By Amy Kazmin in Bangkok
Published: September 3 2008
Samak Sundaravej (pictured), Thailand’s prime minister, was under mounting pressure to resign or dissolve parliament and call fresh elections on Wednesday after the army continued to refuse to act against protesters that have occupied the Government House for the past nine days.
While a threatened strike by state enterprise workers failed to have much impact on public life, Mr Samak was said to be facing intense behind-the-scenes calls from influential elites to step down to defuse the crisis, which threatens seriously to damage the Thai economy.
Parliament is on Thursday expected to adopt a $53bn (£29.8bn, €36.6bn) national budget for the coming year, a move that analysts say could be a prelude to Mr Samak dissolving parliament and calling snap elections.
Mr Samak’s position has weakened considerably since Tuesday morning, when he declared a state of emergency in Bangkok and in effect handed control of the capital to the army. However, the military has adamantly refused to disperse thousands of anti-government demonstrators seeking to unseat Mr Samak for his close ties to Thaksin Shinawatra, the ousted former prime minister.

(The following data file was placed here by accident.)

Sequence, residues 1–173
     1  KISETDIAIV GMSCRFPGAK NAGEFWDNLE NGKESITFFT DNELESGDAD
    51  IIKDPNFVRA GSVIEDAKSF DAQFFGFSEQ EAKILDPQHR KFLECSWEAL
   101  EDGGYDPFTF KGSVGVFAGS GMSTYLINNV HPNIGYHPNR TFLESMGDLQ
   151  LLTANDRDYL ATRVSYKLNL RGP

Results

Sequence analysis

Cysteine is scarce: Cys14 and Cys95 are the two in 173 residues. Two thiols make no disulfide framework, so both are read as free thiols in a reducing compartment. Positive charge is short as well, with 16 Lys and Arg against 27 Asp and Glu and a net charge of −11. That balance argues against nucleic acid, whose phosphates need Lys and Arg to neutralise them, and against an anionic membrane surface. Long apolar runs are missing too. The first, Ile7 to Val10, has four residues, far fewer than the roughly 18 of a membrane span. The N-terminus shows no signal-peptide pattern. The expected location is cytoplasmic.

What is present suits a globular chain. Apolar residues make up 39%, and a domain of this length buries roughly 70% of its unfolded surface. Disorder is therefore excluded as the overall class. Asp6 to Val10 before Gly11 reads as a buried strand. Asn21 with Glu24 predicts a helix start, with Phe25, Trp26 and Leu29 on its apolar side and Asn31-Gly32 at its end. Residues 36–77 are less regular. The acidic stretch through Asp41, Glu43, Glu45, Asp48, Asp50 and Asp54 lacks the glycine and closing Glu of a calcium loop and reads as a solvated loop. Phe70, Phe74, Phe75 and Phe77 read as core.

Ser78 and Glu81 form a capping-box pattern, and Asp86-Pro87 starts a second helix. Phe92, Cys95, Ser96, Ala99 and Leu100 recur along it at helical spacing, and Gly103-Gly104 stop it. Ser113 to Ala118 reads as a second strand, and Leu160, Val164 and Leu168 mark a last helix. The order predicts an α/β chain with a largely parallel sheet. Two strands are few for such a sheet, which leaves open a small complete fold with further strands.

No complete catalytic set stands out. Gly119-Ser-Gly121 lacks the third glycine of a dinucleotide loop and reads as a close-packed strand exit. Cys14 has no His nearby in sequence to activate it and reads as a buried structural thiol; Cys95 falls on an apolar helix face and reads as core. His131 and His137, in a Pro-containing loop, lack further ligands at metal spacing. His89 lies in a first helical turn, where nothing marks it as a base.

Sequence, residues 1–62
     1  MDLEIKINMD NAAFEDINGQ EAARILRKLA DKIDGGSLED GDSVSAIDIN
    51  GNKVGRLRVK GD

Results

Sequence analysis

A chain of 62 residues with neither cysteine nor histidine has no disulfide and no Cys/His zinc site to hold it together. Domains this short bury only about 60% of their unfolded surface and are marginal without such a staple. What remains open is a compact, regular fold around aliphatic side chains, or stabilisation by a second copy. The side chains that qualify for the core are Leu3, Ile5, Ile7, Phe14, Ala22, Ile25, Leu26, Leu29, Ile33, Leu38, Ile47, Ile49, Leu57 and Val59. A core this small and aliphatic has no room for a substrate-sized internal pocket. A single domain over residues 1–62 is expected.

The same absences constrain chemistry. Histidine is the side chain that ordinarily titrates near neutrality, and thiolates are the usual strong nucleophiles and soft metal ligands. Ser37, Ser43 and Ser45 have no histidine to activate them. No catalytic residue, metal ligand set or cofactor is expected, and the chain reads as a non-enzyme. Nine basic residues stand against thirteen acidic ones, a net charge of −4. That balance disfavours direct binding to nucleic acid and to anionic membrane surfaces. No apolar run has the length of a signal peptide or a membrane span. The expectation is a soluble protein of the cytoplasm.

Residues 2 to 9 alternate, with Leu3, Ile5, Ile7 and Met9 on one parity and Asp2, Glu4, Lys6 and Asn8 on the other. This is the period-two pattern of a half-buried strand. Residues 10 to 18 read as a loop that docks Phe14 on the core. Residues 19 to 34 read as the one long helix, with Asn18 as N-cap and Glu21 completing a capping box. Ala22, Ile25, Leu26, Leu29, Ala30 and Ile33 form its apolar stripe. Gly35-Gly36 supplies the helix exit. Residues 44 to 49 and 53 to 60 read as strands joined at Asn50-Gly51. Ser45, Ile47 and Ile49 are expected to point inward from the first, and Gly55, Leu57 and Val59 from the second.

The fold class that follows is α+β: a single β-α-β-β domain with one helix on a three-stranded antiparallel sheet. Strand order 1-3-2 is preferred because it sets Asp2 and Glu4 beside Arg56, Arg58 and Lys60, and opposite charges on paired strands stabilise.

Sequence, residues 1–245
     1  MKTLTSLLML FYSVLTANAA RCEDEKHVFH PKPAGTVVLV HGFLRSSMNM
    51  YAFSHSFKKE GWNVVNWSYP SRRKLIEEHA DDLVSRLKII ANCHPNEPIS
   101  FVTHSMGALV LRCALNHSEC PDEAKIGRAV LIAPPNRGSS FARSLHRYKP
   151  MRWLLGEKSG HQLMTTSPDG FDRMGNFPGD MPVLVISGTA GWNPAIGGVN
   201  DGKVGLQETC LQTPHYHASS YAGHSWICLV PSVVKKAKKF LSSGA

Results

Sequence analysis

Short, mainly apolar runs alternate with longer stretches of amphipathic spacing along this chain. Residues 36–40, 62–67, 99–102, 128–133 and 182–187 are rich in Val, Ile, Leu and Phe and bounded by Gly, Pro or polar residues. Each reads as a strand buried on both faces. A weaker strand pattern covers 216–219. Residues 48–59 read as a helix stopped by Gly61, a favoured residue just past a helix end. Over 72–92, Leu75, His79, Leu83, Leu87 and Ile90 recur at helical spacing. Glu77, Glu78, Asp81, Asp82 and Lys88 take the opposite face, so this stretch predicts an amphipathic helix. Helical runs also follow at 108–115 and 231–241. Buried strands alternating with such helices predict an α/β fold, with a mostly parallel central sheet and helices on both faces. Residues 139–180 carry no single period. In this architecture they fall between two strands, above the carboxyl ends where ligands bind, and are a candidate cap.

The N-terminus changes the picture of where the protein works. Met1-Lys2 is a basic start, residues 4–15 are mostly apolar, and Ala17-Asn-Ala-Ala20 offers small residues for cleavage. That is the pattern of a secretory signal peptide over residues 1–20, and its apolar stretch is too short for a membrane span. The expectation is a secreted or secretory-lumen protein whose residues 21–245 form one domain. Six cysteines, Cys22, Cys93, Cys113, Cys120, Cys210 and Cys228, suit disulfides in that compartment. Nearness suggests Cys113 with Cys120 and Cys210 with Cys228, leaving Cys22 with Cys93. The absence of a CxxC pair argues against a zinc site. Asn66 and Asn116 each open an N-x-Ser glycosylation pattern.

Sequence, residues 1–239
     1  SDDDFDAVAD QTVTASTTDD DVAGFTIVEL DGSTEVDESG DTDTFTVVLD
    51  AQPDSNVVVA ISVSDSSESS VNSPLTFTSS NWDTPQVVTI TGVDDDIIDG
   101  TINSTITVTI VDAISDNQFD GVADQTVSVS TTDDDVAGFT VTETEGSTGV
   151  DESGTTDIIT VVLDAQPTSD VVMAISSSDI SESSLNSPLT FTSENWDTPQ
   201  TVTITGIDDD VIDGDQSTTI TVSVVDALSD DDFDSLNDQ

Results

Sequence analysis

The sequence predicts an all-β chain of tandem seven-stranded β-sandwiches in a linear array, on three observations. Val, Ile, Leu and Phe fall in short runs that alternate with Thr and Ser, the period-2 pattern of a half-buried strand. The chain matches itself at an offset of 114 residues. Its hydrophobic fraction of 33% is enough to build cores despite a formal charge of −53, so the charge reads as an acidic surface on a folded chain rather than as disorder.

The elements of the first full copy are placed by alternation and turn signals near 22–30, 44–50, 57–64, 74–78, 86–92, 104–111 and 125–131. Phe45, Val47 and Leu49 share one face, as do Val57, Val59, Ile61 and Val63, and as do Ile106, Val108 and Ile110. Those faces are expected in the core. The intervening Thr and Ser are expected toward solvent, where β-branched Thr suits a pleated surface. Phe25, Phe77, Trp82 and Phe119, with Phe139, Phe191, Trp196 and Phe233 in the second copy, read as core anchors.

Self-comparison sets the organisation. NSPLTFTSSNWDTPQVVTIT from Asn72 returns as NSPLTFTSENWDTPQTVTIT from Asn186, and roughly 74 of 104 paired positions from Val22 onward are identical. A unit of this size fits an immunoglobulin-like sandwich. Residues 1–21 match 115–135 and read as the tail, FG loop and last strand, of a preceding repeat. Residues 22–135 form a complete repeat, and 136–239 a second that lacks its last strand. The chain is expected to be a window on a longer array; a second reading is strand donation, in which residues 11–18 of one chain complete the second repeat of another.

“The army is not fully behind the government,” said Sriyan Pietersz, head of research at JPMorgan. “They are paying lip service to the emergency but not enforcing the decree. It leaves the government credibility quite badly dented and it doesn’t leave the prime minister with much further recourse.”
Thailand’s English-language newspapers and an array of opinion makers, including academics, union leaders, and businessmen, have urged Mr Samak to step down or call fresh elections, to end his stand-off with the People’s Alliance of Democracy, the coalition that led the protests. The PAD spearheaded the demonstrations in 2006 against Mr Thaksin before a military coup drove him from power.
“Mr Samak must admit he has committed many mistakes during his seven months in office and they are enough for him to call it quits,” the Bangkok Post said in a front page editorial.
Chaturon Chaisang, a former deputy prime minister in Mr Thaksin’s government, said Mr Samak’s departure, or fresh elections, would provide only “instant relief” to Thai society, without resolving the fundamental conflict over how to choose Thai governments.
“The PAD has already made clear that they do not believe in this kind of election – they want ‘new’ politics,” he said. “So there is no point in dissolving the parliament . . . there will still be chaos.”
The political battle is already taking its toll on the economy, which had earlier been showing signs of recovery as consumer confidence rebounded in response to falling oil prices. The central bank said it had been intervening to support the baht, which hit a one-year low on Tuesday after the imposition of emergency rule. Finance ministry officials also said the turmoil was hindering companies’ ability to borrow abroad, as the cost had soared due to increased risk.